Founded as a silver and gold mining camp in 1578, Tegucigalpa means silver hill in the original indigenous tongue; miners first discovered gold at the north end of the current Soberanía bridge. The present city is comprised of the two former towns of Comayagüela and Tegucigalpa which, although divided by the steeply banked Río Choluteca, became the capital in 1880 and are now united administratively as the Distrito Central.

Being off the main earthquake fault line, Tegucigalpa has not been subjected to disasters by fire or earthquake, unlike many of its Central American neighbours, so it has retained many traditional features. The stuccoed houses, with a single, heavily barred entrance leading to a central patio, are often attractively coloured. However, the old low skyline of the city has been punctuated by several modern tall buildings, and much of the old landscape changed with the arrival of Hurricane Mitch.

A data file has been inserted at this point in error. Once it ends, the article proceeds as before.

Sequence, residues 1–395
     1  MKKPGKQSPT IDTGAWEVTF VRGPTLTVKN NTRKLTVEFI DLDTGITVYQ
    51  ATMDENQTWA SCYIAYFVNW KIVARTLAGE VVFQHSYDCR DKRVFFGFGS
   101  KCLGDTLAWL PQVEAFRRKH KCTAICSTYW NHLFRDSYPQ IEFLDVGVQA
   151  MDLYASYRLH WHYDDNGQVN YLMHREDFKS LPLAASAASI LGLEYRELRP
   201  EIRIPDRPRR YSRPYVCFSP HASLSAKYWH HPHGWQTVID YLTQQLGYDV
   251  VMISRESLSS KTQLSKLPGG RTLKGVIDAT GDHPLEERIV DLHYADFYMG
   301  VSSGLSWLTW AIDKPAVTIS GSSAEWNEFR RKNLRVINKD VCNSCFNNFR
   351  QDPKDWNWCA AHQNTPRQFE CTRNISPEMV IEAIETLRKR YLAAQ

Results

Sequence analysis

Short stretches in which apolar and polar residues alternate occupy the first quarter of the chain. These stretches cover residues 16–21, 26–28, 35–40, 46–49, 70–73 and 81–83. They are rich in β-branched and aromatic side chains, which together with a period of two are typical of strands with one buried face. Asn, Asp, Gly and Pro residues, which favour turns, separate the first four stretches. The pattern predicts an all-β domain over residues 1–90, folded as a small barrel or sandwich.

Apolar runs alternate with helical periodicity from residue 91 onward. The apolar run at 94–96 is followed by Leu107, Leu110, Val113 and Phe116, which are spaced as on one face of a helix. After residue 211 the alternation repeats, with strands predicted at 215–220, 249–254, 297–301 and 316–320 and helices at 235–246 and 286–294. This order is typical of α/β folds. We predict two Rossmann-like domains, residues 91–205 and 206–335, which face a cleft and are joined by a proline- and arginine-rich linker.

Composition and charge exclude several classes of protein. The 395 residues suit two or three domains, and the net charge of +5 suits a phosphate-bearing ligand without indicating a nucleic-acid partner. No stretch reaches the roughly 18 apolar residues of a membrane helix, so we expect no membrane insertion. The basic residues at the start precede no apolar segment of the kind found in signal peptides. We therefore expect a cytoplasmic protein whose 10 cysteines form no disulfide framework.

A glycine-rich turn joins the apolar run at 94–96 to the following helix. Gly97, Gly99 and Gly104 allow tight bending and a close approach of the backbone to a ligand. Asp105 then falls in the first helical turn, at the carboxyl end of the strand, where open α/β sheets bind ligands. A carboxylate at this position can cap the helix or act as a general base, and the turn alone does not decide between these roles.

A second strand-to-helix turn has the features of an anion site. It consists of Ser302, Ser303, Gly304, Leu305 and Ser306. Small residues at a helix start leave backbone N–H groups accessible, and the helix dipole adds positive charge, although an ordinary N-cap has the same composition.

The rains of
Hurricane Mitch
in October 1998 had a devastating effect on the Distrito Central. But the damage caused by the Choluteca bursting its banks is hard to see these days, with the exception of the first avenue of Comayagüela, where abandoned homes and buildings remain empty. Bridges washed away by the floodwaters have now been replaced, power supplies are back and, in some respects, traffic is actually better now, since many routes were diverted from the heart of downtown. Today, Hurricane Mitch lives on as painful memory.

This is edited copy from Footprint Handbooks. For comprehensive details (incl address, tel no, directions, opening times and prices) please refer to book or individual chapter PDF
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